Career Concerns of Top Executives, Managerial Ownership and CEO Succession
35 Pages Posted: 28 Feb 2006
Date Written: 2006
We argue that portfolio choices can play a role in resolving asymmetric information problems between top managers who aspire to run the firm and the board of directors who must appoint a new CEO. Our intuition is that if ownership of the firm's stock serves to convey a manager's private information to the board, then ownership choices are partially determined by managerial career concerns and could affect the outcome of CEO succession. The outcome of CEO succession may, in turn, affect the career opportunities available to managers, which can affect both managerial ownership and executive departure decisions. In this context, we develop and test several predictions relating board and managers' decisions surrounding CEO turnover: 1- lower ownership by inside managers makes outside CEO appointments more likely; 2- higher ownership by an insider increases her chances of being appointed CEO; 3- non-appointed managers with higher ownership are more likely to reduce their ownership stake or to leave the firm following a CEO replacement; and 4- ownership reduction and departure decisions are more likely following outside CEO appointments. Using data on managerial ownership, executive departures, and board appointment decisions for 1,123 CEO turnover events, we find evidence supporting these predictions.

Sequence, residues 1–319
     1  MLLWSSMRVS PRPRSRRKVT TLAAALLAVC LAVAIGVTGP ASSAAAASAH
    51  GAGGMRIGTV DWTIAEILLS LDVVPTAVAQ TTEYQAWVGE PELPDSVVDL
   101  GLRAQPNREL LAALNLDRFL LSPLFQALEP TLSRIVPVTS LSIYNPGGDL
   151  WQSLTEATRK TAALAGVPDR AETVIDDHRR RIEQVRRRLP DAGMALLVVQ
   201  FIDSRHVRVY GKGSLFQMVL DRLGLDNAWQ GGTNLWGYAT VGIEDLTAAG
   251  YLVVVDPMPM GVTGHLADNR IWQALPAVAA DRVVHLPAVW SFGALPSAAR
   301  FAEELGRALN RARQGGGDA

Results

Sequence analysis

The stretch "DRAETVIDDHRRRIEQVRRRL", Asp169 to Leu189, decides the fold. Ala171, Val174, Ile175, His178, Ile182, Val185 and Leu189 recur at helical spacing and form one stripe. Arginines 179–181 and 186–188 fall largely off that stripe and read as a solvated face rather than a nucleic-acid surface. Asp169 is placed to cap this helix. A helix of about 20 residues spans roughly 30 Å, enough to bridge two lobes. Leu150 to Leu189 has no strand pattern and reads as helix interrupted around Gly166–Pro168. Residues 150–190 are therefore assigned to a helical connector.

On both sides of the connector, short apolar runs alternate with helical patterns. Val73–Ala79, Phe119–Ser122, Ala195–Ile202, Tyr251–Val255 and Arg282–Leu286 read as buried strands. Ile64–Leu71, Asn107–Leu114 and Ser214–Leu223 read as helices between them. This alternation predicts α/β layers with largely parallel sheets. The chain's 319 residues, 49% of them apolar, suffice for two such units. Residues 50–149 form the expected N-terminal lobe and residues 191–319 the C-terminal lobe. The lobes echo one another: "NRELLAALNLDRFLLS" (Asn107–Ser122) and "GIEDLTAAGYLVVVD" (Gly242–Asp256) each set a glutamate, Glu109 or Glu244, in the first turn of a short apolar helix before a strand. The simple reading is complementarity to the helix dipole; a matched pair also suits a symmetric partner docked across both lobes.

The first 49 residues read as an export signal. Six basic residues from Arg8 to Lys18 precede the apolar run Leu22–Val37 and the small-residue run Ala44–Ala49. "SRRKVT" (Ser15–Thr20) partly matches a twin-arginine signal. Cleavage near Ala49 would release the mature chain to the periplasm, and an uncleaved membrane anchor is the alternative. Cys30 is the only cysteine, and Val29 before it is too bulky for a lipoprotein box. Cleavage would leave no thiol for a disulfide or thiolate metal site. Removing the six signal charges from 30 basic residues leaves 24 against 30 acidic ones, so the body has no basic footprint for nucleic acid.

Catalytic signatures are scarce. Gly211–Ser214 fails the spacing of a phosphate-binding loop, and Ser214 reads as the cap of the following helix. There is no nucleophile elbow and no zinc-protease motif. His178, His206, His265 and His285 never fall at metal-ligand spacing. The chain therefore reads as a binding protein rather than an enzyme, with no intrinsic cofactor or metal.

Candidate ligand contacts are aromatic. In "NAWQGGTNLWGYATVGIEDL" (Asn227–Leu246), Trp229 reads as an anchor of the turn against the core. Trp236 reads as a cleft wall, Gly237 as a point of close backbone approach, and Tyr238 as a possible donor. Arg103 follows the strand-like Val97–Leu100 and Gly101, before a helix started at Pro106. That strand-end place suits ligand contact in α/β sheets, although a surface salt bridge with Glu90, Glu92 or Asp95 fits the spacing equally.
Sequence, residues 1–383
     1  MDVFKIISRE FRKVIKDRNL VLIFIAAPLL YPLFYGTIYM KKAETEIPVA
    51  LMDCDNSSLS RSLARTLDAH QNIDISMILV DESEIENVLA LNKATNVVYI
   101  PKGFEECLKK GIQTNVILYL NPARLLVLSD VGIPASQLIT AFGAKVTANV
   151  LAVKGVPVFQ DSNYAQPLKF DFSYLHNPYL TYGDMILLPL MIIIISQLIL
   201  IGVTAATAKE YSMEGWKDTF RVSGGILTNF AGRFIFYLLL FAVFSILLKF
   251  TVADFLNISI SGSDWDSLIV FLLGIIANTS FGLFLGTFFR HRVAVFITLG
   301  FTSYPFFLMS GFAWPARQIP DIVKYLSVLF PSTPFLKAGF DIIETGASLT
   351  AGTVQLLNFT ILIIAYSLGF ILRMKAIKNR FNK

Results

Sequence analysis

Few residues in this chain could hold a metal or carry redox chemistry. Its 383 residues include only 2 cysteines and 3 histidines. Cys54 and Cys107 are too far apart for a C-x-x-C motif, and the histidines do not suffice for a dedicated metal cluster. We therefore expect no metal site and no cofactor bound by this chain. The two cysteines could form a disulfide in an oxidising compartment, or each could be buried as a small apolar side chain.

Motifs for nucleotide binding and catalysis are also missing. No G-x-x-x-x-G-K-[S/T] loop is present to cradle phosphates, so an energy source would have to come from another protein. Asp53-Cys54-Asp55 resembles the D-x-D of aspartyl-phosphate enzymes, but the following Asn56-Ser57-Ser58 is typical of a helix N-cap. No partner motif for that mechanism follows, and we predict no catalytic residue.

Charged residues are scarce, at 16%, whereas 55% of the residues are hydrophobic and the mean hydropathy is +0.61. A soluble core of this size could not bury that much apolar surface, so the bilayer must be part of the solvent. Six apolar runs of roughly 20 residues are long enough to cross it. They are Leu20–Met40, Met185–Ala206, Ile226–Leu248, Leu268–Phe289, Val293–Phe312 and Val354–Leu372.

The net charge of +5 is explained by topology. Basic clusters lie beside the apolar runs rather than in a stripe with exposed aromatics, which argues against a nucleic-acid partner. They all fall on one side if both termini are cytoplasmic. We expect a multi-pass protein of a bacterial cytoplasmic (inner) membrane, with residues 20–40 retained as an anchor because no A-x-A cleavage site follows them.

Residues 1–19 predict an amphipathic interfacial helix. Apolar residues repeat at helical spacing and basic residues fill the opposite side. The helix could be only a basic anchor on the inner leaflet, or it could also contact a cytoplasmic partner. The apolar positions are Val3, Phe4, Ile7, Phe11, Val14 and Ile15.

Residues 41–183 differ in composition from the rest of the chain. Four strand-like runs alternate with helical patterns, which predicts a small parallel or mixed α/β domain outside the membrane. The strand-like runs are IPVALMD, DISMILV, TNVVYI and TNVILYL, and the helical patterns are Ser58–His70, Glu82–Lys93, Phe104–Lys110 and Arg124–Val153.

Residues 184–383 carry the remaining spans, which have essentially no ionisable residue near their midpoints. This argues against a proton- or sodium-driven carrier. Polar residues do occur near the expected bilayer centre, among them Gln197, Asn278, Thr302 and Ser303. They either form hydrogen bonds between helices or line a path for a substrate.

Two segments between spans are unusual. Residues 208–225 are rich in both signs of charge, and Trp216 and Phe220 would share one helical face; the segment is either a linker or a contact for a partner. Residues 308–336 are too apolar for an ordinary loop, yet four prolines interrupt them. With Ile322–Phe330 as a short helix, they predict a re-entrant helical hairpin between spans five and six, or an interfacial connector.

Keywords: Managerial compensation, CEO succession, Portfolio allocation
JEL Classification: G32, G34
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